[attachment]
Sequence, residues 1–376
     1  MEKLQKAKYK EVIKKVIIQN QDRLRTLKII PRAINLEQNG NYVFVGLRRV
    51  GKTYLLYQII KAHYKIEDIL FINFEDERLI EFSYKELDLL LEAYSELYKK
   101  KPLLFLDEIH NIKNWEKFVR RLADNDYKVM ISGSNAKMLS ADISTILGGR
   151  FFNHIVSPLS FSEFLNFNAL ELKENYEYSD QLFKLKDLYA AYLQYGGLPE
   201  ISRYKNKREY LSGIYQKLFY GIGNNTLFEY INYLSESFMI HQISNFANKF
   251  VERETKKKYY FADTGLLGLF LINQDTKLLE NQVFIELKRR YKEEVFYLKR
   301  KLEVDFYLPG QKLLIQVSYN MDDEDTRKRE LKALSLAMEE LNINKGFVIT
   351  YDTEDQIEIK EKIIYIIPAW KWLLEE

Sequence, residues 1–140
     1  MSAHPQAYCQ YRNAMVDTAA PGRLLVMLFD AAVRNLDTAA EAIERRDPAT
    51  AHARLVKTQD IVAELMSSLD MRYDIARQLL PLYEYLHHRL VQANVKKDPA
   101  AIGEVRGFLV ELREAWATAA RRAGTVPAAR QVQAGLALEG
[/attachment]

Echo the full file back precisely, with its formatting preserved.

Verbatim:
Sequence, residues 1–376
     1  MEKLQKAKYK EVIKKVIIQN QDRLRTLKII PRAINLEQNG NYVFVGLRRV
    51  GKTYLLYQII KAHYKIEDIL FINFEDERLI EFSYKELDLL LEAYSELYKK
   101  KPLLFLDEIH NIKNWEKFVR RLADNDYKVM ISGSNAKMLS ADISTILGGR
   151  FFNHIVSPLS FSEFLNFNAL ELKENYEYSD QLFKLKDLYA AYLQYGGLPE
   201  ISRYKNKREY LSGIYQKLFY GIGNNTLFEY INYLSESFMI HQISNFANKF
   251  VERETKKKYY FADTGLLGLF LINQDTKLLE NQVFIELKRR YKEEVFYLKR
   301  KLEVDFYLPG QKLLIQVSYN MDDEDTRKRE LKALSLAMEE LNINKGFVIT
   351  YDTEDQIEIK EKIIYIIPAW KWLLEE

Sequence, residues 1–140
     1  MSAHPQAYCQ YRNAMVDTAA PGRLLVMLFD AAVRNLDTAA EAIERRDPAT
    51  AHARLVKTQD IVAELMSSLD MRYDIARQLL PLYEYLHHRL VQANVKKDPA
   101  AIGEVRGFLV ELREAWATAA RRAGTVPAAR QVQAGLALEG